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7 of 7 people found the following review helpful
5.0 out of 5 stars The Priest With Dirty Clothes, April 1, 2011
By 
David (Shelbina, Macau) - See all my reviews
(REAL NAME)   
This review is from: The Priest with Dirty Clothes (Hardcover)
Disclaimer: I received a complementary copy of The Priest With Dirty Clothes from Reformation Trust in exchange for a review.

Overview:
This children's story by Dr. R. C. Sproul is based upon Zechariah 3:1-5. Dr. Sproul uses this passage to weave a story about a young priest who is called up to preach a sermon before the household of the King. However, on his way to the court of the King, he is thrown from his horse in the middle of a rainstorm and his garments are soiled by mud. When standing before the King, his blemishes are pointed out by the court magician, Malus, who says that he should not be able to stand in the presence of the King, and the King agrees. However, the King is willing to give the young priest a second chance if only he can clean his robes.
The young priest tries everything he can think of to cleanse his robes, but nothing works. Finally, he comes to the Great Prince and asks for His help and He agrees on the condition that the priest trusts in Him. When the priest next appears before the King, Malus once again begins to accuse the priest; however, the Great Prince comes in and takes the priest's clothes and gives him His own magnificent robes.

What I liked:
As a father of four young children, I love these stories because they teach such profound biblical truths, but do so in a way that is easy to understand for younger children. This story is no exception. Our sin and unrighteousness before a holy God is pictured in the soiled robes of the young priest. Also the great great truth of the double imputation of our sin to Jesus and His righteousness to us is pictured in the exchanging of the robes, so that the priest is clad in the Prince's robes and the Prince is clad in the priest's soiled clothes.

Another thing that I like about this book is the artwork. It is visually quite pleasing to look at, my children are enjoying just sitting and looking at the pictures.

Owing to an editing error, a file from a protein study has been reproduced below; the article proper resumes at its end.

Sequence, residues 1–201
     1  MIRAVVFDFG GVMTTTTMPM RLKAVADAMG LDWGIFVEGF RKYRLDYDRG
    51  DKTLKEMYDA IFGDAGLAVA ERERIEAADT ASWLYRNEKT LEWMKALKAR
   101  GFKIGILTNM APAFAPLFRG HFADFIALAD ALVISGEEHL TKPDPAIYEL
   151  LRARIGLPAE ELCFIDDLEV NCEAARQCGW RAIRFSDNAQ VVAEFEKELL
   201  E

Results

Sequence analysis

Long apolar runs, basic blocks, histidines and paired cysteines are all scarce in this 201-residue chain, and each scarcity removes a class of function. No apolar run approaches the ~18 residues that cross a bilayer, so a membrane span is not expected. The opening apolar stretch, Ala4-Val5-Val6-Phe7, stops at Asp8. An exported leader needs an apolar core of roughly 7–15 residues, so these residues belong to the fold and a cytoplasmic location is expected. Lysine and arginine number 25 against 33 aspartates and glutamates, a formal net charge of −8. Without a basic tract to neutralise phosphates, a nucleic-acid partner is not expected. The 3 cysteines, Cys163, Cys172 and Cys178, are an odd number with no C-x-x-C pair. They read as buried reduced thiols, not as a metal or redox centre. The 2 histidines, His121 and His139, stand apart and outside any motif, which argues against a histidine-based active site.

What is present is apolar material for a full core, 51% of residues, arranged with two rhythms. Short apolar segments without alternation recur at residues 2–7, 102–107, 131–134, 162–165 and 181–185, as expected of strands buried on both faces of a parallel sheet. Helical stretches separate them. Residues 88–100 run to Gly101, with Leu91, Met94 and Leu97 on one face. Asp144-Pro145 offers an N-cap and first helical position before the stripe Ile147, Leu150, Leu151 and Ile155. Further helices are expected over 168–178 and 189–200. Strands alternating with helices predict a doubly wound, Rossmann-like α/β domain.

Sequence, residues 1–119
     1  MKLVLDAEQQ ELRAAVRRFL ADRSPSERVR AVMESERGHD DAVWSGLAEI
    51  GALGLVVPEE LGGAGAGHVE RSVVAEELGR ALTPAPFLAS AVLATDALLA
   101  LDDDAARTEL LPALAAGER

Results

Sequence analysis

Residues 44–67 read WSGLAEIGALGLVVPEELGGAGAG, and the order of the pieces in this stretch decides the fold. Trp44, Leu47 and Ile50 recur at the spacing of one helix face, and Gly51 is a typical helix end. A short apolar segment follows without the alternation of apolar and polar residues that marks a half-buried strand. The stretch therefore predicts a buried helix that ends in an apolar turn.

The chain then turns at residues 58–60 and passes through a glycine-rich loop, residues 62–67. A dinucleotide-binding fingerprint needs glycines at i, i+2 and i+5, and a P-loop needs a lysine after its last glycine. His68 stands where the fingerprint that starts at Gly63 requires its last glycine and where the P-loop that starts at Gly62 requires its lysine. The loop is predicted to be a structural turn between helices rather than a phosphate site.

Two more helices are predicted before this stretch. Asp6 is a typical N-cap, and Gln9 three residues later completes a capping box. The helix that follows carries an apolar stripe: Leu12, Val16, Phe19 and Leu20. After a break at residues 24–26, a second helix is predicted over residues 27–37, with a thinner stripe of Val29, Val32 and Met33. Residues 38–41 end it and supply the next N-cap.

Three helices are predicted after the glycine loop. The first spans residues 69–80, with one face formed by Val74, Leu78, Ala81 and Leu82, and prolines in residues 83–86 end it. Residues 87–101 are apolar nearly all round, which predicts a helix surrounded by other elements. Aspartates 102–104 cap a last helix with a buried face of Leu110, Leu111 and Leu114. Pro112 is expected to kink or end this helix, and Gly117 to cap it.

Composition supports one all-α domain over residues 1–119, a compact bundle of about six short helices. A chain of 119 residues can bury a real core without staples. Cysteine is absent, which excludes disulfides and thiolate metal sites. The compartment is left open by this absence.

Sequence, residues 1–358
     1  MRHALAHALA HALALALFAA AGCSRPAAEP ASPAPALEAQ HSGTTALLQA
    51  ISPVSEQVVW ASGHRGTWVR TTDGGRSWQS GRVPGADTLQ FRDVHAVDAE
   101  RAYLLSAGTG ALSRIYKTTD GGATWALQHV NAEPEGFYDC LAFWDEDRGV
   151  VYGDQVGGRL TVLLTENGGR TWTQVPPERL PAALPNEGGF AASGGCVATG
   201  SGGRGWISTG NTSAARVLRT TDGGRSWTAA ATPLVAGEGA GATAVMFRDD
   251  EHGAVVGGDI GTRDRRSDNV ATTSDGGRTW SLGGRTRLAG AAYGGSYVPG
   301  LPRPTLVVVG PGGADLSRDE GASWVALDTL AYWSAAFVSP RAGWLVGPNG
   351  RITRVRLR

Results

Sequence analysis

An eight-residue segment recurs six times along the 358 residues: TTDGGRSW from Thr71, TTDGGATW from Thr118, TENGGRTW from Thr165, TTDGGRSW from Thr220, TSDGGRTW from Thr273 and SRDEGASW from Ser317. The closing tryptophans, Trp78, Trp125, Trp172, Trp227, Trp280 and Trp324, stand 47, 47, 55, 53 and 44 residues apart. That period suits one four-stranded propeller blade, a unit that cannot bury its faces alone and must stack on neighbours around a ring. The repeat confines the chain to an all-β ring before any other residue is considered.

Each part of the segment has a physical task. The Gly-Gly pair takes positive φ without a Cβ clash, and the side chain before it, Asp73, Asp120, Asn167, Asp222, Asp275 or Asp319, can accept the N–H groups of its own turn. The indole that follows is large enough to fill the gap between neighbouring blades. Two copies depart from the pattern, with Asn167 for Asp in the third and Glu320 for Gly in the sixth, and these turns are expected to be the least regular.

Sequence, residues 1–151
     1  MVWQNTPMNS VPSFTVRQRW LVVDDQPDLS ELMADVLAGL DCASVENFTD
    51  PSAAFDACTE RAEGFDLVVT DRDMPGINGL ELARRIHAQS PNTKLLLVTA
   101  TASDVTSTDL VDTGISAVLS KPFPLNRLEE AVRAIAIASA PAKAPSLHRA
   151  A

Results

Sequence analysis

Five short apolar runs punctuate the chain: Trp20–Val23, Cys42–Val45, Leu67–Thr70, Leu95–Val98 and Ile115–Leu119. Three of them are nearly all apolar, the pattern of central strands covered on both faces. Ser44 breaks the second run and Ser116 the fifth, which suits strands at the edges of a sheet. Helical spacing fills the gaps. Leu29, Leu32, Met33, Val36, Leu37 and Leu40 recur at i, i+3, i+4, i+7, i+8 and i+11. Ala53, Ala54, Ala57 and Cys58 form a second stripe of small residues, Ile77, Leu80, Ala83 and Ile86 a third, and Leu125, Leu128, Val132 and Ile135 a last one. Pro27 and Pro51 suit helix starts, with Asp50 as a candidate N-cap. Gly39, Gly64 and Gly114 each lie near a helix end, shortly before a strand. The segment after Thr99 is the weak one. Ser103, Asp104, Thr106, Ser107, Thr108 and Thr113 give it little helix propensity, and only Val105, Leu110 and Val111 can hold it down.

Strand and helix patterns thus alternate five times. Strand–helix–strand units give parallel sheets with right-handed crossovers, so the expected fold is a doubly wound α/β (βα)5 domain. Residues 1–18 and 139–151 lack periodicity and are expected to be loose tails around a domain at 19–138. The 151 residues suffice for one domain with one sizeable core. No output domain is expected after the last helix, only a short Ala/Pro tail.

What I didn't like:
There isn't anything to report here.
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5 of 5 people found the following review helpful
5.0 out of 5 stars The Priest With Dirty Clothes, September 30, 2011
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This review is from: The Priest with Dirty Clothes (Hardcover)
On Sunday morning, I was preparing for worship. My ten year old son came bolting onto the platform. He had important news to share - news that probably had something to do with a new video game or Lego set. Nathan said with a smile on his face, "R.C. Sproul's new book is out!"

We purchased the book and by 2:00 p.m. he had completed R.C.'s newest treasure. My son says, "Dad, you've gotta read this book. It's really cool." Who can argue with an eager ten-year old who is excited about a new book by R.C. Sproul?

The Priest With Dirty Clothes is story based on Zechariah 3:1-5. The story illustrates the theological realities that emerge, including justification by faith alone and imputation. At the end of the day, Sproul intends to communicate rich biblical truth that make up the gospel message. The story-telling vehicle is a creative way to drive these important truths into the hearts and minds of children.

Sproul's book is beautifully illustrated and is appropriate for young children and pre-teens. But the message Sproul communicates is for everyone - namely, sinners need a new set of clothes; they need a new heart. And Christ, our great high priest is the only One qualified to grant what we need most.
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3 of 3 people found the following review helpful
4.0 out of 5 stars Sweet Picture of Imputation, April 3, 2011
This review is from: The Priest with Dirty Clothes (Hardcover)
It is always a joy to come across a book that helps to explain the gospel in a way that children can grasp. This is especially nice when the telling of the story brings to light important and often-neglected aspects of the good news. The Prince with Dirty Clothes is one such book.

This little book by R.C. Sproul presents the picture of Christ's imputed righteousness for the believer. Paralleling the scene in Zechariah 3, Sproul tells the story of a priest whose clothes were too filthy for him to stand in the presence of the king. The prince, the son of the king, gives the priest his perfect clothes in exchange for the priest's ruined ones. In this picture, children and grown-ups are reminded of how Jesus not only took the punishment for the sin of Gods' children, but how he also granted to believers his perfect righteousness by his grace through faith alone.

My family enjoyed the book. The story is short and sweet, which allowed my seven-year-old to be able to read the book herself. She grasped the concept very well, and we had a helpful discussion about the story. Also, while I am not one to have an opinion about art, my wife tells me that she is fond of the illustrations in this work.